I get questions regarding helmet cams off and on regarding the various all-in-one and lipstick camera setups. To start off with here is my current setup and Video How-To Page. The camcorder mounted on the helmet method described there is what I use. You can not beat the quality you get from using an actual camcorder versus the tiny optics of a lipstick camera. For me image quality is extremely important. I want my footage to look good even if I viewing it on a big screen TV.
The vast majority of people I have talked and emailed with on the subject are mostly concerned with sharing the videos online or viewing it on their computer. For these users the lipstick cameras and all-in-one setups can work just fine. If you are not going to use the camcorder mounted on a helmet setup here is what I would consider next.
Lipstick + MiniDV Camcorder
A high quality lipstick camera feeding a miniDV camcorder in your bag via an AV input jack. The recording quality will be the best possible, 720 by 480 DV-AVI (uncompressed). You can also use the camcorder for other things such as off the bike stuff or around the house stuff. Should you later decide to do the helmet mounted camcorder approach you already have a camcorder. I highly recommend that you get a camcorder and that has a LANC connection. This will allow you to use wired remote controls so that you can stop and start recording easily without digging in your pack. (The wireless remotes that come with camcorders are almost exclusively infrared which means the remote and camcorder must seet each other to work. That won’t happen if it is in your pack)
Hoytech has a nice kit at a pretty reasonable price. I would get the Professional Helmet Camera Kit. Thier site also has a good list of compatiable camcorders.
Lipstick + minDVR
The next catergory down I would consider is a high quality lipstick camera feeding a mini DVR vice a camcorder. Most of the all-in-one and minDVR setups involve recording to some type of flash memory card coupled with video compression. Don’t be fooled if they say they record to AVI. It is a compressed form of an AVI. Most of these setups give you a few options for how much compression you use. The more compression you select the more time you can record on the memory card but the video quality gets progressively crappier. Remember you can always increase the video compression later, but if you compress right from the start, it is never going to look any better. I highly recommend that you record with the highest possible quality setting if you use an all-in-one or minDVR unit. This however will mean you will need to carry an extra memory card or two with you on the trail. Considering the price of memory cards today this should not be a big deal.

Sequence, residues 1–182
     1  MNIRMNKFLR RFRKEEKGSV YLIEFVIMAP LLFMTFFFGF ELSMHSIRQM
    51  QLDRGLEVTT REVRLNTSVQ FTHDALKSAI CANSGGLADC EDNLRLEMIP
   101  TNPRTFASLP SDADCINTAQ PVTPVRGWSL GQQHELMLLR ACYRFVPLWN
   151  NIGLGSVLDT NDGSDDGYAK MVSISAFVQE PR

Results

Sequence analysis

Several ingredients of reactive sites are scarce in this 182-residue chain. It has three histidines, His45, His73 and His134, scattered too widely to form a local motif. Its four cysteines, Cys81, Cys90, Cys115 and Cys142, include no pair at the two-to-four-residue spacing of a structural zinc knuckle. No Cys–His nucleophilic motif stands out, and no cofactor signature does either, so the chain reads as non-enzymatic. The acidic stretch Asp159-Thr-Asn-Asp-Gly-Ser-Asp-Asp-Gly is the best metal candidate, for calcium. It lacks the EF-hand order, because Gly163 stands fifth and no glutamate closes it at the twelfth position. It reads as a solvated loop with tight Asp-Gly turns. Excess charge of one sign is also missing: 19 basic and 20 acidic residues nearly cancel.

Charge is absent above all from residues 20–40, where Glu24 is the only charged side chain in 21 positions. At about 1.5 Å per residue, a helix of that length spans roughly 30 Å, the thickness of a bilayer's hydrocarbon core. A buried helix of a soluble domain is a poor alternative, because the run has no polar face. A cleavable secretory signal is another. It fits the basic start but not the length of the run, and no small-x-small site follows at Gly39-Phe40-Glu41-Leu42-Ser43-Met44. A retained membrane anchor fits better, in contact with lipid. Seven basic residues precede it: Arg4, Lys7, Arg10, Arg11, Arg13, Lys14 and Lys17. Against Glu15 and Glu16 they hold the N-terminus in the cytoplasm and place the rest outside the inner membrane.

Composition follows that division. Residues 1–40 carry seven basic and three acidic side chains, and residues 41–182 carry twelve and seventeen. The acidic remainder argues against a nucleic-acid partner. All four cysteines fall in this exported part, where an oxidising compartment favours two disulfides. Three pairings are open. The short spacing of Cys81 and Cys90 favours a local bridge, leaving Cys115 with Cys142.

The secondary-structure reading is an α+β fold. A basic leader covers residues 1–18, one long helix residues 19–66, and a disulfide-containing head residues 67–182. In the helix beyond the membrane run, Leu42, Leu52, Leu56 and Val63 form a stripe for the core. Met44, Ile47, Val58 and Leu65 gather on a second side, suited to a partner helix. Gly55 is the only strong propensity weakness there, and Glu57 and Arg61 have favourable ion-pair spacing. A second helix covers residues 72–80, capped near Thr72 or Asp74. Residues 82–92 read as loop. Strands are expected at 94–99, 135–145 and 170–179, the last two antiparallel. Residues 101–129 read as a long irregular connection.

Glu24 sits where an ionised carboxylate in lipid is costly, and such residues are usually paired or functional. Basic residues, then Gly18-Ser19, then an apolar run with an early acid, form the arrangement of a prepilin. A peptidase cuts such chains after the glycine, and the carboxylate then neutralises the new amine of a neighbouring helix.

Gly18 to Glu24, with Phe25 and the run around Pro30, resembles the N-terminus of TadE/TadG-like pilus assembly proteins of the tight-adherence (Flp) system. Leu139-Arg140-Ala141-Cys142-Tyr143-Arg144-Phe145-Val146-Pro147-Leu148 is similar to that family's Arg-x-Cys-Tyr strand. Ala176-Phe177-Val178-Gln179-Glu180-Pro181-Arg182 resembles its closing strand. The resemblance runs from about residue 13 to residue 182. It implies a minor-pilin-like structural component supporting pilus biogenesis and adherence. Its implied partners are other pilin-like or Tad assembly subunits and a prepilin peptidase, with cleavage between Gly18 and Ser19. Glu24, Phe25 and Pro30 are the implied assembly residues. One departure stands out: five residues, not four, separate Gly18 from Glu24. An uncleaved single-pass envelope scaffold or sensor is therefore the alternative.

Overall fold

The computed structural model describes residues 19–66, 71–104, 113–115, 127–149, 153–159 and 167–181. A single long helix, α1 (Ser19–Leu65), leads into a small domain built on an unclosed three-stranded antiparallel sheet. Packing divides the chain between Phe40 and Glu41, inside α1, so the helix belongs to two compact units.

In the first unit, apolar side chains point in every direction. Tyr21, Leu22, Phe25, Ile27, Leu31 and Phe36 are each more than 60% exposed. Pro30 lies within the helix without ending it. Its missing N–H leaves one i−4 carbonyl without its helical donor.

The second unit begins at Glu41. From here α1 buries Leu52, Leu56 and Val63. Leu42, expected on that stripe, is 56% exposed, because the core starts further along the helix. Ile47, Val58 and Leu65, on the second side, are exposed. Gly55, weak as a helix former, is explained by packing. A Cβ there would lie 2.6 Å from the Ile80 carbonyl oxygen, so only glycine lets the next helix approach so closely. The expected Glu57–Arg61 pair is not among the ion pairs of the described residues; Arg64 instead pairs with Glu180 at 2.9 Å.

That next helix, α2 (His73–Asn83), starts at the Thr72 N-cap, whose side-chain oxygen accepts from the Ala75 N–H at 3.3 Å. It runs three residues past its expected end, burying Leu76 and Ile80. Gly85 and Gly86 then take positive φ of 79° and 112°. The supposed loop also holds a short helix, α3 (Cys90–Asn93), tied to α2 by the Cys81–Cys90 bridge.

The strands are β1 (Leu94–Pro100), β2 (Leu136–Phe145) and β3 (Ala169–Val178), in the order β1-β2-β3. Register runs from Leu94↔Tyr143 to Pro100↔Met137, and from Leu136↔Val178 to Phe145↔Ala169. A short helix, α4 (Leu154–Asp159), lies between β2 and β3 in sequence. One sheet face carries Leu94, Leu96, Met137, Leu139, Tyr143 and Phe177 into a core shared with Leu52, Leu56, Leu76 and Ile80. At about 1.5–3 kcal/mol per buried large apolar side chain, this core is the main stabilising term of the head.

There is a nice aspect of the tradeoff of using a miniDVR. You can use the minDVR for other things such a portable MP3/Video Player.
If I was going this route I would buy Helmetcamera.com’s HC1 kit with the 560line lipstick camera. The resolution of the lipstick camera is better than the DVR’s recording ability, but should you later decide to use a camcorder, you will get the full advantage of the better lipstick camera. While Achros has a miniDVR helmetcam system available, I think the setup from helmetcamera.com is a better option as you are not forced to use the Achros lipstick camera which is not a particularly good one.
Before going with an All-In-One system, you also need to assess how much into the video scene you think you are going to get into as the all-in-one units do not “grow” well. You can not improve the recording capability later. You also can not easily use this setup for other things that are not Point of View shooting, like filming your kids hockey games, birthday parties or whatever. They are however really easy to use out on the trail.
I think the best model going in this class is the VIO POV1 as it has the best recording capability in the class, however it is still not on par with a miniDV Camcorder . It is waterproof and it has a remote that can be mounted on your handlebars or on your camelback shoulder strap. It however is not anywhere near cheap, but if you go this route you will mostly likely be satisfied for a long time.
The VholdR is a nice very convenient and tiny package. It weigh less than five ounces. The videos I have seen from them look alright.
Finally the GoPro Helmet Hero has a lot of bang for the buck. Okay quality at a great price. At less than 200 bucks or so it is an okay way to get into doing video, but you can quickly outgrow it.
When deciding on which way you want to go, I think of this along the same lines as someone first getting into mountain biking on real trails and getting their first bike. If you get a department store bike you will not be happy for long. If you go buy a boutique brand bike with all the goodies and end up not really into mountain biking you have wasted a bunch of money. However if you get a well built bike with a mid-range group of components and you get into mountain biking seriously you will be happy for a long time and you can upgrade to top shelf components later.